[alt-photo] Re: instant films (specifically Fuji fp-3000b)
bobkiss at caribsurf.com
Sun Apr 22 20:10:09 GMT 2012
4X5 still available. Notice they say, "In stock".
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Sent: Sunday, April 22, 2012 1:39 PM
To: The alternative photographic processes mailing list
Subject: [alt-photo] Re: instant films (specifically Fuji fp-3000b)
Fuji FP3000B, FP100B, and FP100C have all been around for quite some time.
They were each once available in the 4x5 variation as well. Today FP3000B
and FP100C is all the remains and only in the 3x4 size although FP100C45
can reportedly still be ordered from Asia I've heard.
I love FP3000B and have used it for years. It along with the recently
retired FP100B are in my opinion unique films worthy in their own right.
FP3000B is actually the only high speed film variant with little to no
discernible grain difference from its slower counterpart which was a very
As far as toning these prints, I don't know. People have been using these
films for various manipulation techniques for a long time but I haven't
heard of toning them. Instant films are contained and complete processes.
All of the chemicals needed and involved are in the pods and activate when
the film is pulled through the holder. The most common "fun" thing to do
with FP100C and FP100B (when it was available) was to lift the negative and
use that for various things. One can relatively easily salvage the film
negative from these two films. FP3000B on the other hand does not produce a
film negative but rather a paper negative requiring no salvage technique to
make use of. The paper neg looks to be of low contrast but is actually
quite scanable and I've heard of paper-neg practitioners actually printing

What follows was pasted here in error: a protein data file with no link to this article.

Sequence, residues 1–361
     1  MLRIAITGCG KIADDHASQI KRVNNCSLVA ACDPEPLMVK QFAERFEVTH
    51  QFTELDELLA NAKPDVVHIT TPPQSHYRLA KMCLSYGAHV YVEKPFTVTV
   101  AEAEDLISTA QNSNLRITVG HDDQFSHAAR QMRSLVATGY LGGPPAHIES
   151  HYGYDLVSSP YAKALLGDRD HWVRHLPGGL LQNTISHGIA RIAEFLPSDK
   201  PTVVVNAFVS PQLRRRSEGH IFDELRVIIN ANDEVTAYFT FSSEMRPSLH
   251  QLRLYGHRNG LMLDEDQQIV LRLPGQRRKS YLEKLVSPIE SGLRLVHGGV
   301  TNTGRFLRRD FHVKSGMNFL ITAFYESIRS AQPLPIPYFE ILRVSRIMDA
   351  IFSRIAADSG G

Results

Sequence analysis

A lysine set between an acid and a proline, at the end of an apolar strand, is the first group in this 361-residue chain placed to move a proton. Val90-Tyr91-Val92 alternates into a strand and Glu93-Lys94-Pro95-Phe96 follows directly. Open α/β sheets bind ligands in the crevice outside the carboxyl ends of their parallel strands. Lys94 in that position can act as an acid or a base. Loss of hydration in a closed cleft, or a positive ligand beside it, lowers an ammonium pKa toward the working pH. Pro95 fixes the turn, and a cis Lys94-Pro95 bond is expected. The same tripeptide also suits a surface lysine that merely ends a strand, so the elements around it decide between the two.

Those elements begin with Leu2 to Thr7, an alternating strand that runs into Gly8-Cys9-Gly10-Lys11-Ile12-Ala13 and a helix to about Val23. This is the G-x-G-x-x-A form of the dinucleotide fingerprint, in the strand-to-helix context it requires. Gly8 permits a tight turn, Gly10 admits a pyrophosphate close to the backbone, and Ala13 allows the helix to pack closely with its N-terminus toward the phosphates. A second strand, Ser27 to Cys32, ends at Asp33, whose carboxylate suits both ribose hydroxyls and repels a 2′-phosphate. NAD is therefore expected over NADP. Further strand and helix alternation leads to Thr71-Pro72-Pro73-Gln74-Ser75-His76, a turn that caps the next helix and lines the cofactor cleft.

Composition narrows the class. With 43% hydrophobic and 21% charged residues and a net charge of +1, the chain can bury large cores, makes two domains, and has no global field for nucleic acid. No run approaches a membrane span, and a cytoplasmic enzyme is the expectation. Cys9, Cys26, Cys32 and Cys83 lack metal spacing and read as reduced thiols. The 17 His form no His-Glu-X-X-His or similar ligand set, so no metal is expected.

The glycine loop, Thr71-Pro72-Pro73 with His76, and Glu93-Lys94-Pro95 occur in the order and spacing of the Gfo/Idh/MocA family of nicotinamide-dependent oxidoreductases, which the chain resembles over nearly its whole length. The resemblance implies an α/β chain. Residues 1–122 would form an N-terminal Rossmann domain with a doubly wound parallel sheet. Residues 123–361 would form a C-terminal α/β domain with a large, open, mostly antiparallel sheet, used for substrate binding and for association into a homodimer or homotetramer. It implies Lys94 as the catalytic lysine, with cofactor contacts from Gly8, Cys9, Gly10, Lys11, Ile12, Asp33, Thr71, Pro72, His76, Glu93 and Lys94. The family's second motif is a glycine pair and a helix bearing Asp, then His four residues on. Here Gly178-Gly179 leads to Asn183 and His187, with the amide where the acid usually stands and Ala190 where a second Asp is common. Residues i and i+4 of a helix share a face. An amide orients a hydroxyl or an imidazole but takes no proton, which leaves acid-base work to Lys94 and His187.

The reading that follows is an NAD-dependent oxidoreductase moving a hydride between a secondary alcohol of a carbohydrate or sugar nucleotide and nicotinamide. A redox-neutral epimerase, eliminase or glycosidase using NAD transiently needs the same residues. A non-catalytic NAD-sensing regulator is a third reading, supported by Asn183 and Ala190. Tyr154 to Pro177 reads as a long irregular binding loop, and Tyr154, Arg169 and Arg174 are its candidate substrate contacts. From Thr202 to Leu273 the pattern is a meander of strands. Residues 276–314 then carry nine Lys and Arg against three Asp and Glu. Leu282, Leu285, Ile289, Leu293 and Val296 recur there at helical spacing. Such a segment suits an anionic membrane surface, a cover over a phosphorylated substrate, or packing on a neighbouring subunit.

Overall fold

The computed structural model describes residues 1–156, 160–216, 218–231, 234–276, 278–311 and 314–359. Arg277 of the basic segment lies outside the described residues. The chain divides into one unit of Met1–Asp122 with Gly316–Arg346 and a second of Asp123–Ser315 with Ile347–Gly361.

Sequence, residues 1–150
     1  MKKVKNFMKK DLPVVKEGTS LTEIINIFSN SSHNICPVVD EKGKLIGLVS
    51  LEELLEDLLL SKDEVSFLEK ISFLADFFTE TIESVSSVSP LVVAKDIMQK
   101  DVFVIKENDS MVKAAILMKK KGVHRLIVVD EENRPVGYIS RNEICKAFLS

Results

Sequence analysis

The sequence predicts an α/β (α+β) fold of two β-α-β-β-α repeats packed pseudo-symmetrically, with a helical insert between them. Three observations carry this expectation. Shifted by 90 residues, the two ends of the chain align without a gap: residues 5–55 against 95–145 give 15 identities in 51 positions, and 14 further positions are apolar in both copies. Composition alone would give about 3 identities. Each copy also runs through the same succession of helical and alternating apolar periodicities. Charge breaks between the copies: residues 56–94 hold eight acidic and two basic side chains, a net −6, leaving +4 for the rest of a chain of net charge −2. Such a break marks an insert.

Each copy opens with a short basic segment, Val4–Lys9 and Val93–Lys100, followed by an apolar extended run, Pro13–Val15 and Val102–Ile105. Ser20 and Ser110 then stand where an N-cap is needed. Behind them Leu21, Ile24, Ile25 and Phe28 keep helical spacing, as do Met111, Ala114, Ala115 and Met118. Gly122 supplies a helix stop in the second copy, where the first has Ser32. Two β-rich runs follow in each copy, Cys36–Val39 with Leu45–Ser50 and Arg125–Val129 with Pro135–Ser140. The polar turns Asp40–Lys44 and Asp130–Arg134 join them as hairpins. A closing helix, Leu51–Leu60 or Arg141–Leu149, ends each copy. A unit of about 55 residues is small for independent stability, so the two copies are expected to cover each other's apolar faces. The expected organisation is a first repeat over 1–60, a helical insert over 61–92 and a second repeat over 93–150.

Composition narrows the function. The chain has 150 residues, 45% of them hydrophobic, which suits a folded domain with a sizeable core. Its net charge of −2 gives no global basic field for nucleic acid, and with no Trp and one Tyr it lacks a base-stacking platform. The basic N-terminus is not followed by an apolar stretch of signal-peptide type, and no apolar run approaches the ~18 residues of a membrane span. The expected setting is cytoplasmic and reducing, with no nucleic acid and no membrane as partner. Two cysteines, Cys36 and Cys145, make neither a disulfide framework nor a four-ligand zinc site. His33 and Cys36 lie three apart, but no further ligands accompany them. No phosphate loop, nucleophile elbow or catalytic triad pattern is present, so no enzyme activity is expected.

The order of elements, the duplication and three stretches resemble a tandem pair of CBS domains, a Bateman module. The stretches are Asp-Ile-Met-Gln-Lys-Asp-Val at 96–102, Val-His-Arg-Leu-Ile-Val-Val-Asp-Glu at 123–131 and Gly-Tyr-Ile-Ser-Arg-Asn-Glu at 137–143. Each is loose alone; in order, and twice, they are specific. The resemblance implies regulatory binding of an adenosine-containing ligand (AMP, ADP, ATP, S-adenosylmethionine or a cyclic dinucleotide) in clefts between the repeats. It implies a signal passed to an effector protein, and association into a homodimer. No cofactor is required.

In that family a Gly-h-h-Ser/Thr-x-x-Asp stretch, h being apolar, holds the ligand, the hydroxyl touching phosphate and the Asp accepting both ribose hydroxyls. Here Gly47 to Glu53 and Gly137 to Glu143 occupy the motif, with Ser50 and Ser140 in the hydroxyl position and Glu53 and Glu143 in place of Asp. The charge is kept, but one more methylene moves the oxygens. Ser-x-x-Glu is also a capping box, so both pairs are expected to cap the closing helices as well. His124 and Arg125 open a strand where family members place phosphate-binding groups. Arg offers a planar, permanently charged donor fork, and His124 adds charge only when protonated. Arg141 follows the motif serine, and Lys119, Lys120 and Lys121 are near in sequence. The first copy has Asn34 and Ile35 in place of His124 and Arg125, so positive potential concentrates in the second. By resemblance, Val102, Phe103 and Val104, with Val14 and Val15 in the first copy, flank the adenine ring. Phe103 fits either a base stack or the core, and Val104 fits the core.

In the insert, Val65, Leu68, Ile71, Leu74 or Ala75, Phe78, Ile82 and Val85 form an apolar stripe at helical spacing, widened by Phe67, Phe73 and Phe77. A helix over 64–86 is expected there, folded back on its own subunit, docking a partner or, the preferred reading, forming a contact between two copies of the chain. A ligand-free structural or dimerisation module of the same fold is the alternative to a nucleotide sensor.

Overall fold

through them although I've never tried that. I've never really been one for
any of the manipulations because I see the value in the intact films
themselves. They can be quite beautiful.
If you experiment with the Selenium let us know your results.
On Sun, Apr 22, 2012 at 10:08 AM, eric nelson <emanphoto at gmail.com> wrote:
> Type 55 positives could be treated w/selenium using a brush. I've
> done it, but the fog of time blurs the details of that process. With
> those positives a supplied after coating was used to preserve the
> On Sun, Apr 22, 2012 at 12:00 PM, Ryuji Suzuki <rs at silvergrain.org> wrote:
> > The news of the week made me wonder how many years did Edwin Land took
> > earn $1bn. But then I noticed Fujifilm FP-3000B is still available and
> > I'm buying a couple of instant film backs for my GX-680 to play with.
> > I didn't really follow the technology of FP-3000B (yet!) but I
> > that this film makes positive image with very fine grain with very high
> > covering power, i.e., a very small amount of silver, and also very large
> > surface-to-volume ratio. So, without testing anything myself, I'm
> > anticipating that, unless properly treated, the image might discolor or
> > quite easily, but at the same time, the image can probably be toned very
> > easily and quickly.
> > What happens if the print is dipped in Kodak Rapid Selenium Toner and
> > rinsed? I am predicting that "liver of sulfur" type toners (e.g., Kodak
> > Brown Toner) might alter the grain structure too much, risking reduction
> > Dmax and contrast. Image stabilizer based on organic thiol compounds
> > (Fujifilm Ag Guard or my published formula using mercaptobenzimidazole)
> > would probably work but I'm not sure if the film's chemistry already
> uses a
> > similar mechanism to stabilize the image.
> > Did anyone try or research along this line of ideas?
> > Any other fun idea to try with FP-3000B instant film?
> > --
> > Ryuji Suzuki
> > "Don't play what's there, play what's not there." (Miles Davis)
> > _______________________________________________
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